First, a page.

Evaluating the Effectiveness of Child Safety Seats and Seat Belts in Protecting Children from Injury

30 Pages Posted: 19 Sep 2006 Last revised: 18 Mar 2021

See all articles by Joseph J. Doyle

Joseph J. Doyle

Massachusetts Institute of Technology (MIT) - Economics, Finance, Accounting (EFA); National Bureau of Economic Research (NBER)

Steven D. Levitt

University of Chicago; National Bureau of Economic Research (NBER); American Bar Foundation

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Date Written: September 2006

Abstract

Young children are required to use child safety seats, and the age threshold at which children can legally graduate to seat belts has steadily increased. This paper tests the relative effectiveness of child safety seats, lap-and-shoulder seat belts, and lap belts in preventing injuries among motor vehicle passengers aged 2-6. We analyze three large, representative samples of crashes reported to police, as well as linked hospital data. We find no apparent difference in the two most serious injury categories for children in child safety seats versus lap-and-shoulder belts. Child safety seats provide a statistically significant 25% reduction in the least serious injury category. Lap belts are somewhat less effective than the two other types of restraints, but far superior to riding unrestrained.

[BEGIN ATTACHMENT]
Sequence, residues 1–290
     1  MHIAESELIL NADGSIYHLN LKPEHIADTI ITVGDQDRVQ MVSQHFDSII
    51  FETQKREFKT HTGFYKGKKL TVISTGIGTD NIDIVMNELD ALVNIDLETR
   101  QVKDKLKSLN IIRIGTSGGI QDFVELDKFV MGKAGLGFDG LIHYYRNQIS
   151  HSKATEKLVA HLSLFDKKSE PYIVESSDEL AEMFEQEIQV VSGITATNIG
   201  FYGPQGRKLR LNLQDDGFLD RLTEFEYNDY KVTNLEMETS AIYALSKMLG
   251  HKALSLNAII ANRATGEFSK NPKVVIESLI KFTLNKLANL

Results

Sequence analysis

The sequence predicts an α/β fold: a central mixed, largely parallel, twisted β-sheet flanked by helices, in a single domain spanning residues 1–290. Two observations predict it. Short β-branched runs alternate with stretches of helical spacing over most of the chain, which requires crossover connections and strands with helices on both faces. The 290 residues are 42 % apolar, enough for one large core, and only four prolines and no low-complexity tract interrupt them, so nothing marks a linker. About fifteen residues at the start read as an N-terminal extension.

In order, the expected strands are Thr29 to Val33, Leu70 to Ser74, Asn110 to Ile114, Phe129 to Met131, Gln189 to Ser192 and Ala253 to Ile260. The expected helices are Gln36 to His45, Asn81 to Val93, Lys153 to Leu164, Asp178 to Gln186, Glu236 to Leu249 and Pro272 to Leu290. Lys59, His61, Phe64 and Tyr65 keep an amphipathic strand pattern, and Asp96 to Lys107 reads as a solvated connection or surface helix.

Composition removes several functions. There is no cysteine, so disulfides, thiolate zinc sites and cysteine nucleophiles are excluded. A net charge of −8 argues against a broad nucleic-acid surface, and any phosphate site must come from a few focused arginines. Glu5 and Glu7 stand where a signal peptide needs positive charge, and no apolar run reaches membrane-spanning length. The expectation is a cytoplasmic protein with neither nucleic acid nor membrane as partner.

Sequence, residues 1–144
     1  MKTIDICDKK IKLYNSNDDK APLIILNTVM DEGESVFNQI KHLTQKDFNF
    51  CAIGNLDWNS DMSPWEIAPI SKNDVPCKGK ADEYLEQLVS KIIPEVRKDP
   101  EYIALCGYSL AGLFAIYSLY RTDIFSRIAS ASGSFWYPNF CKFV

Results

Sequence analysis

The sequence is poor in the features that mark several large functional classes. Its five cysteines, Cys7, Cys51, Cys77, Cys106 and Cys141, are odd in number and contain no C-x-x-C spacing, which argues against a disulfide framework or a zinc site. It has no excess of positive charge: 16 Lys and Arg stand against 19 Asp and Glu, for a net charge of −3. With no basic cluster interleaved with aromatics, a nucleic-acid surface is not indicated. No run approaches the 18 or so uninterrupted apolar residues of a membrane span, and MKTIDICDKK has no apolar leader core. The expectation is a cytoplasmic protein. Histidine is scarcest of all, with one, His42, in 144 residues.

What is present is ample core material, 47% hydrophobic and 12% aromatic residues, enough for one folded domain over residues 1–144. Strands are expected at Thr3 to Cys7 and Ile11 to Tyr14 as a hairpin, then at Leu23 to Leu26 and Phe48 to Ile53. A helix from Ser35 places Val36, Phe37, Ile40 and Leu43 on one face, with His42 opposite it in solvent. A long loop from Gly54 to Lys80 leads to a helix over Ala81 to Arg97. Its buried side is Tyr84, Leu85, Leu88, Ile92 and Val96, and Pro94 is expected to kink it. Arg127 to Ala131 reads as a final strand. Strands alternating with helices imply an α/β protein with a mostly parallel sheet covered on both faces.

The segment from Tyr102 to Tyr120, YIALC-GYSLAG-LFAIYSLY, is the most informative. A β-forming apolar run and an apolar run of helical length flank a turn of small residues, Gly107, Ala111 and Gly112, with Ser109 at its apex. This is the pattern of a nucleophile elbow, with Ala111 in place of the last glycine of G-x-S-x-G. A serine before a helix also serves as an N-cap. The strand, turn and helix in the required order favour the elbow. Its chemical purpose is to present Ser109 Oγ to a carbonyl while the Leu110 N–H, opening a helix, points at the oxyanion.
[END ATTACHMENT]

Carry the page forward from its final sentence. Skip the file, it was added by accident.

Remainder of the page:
Suggested Citation

Doyle, Joseph John and Levitt, Steven D., Evaluating the Effectiveness of Child Safety Seats and Seat Belts in Protecting Children from Injury (September 2006). NBER Working Paper No. w12519, Available at SSRN: https://ssrn.com/abstract=930609

Joseph John Doyle

Massachusetts Institute of Technology (MIT) - Economics, Finance, Accounting (EFA) ( email )

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Steven D. Levitt (Contact Author)

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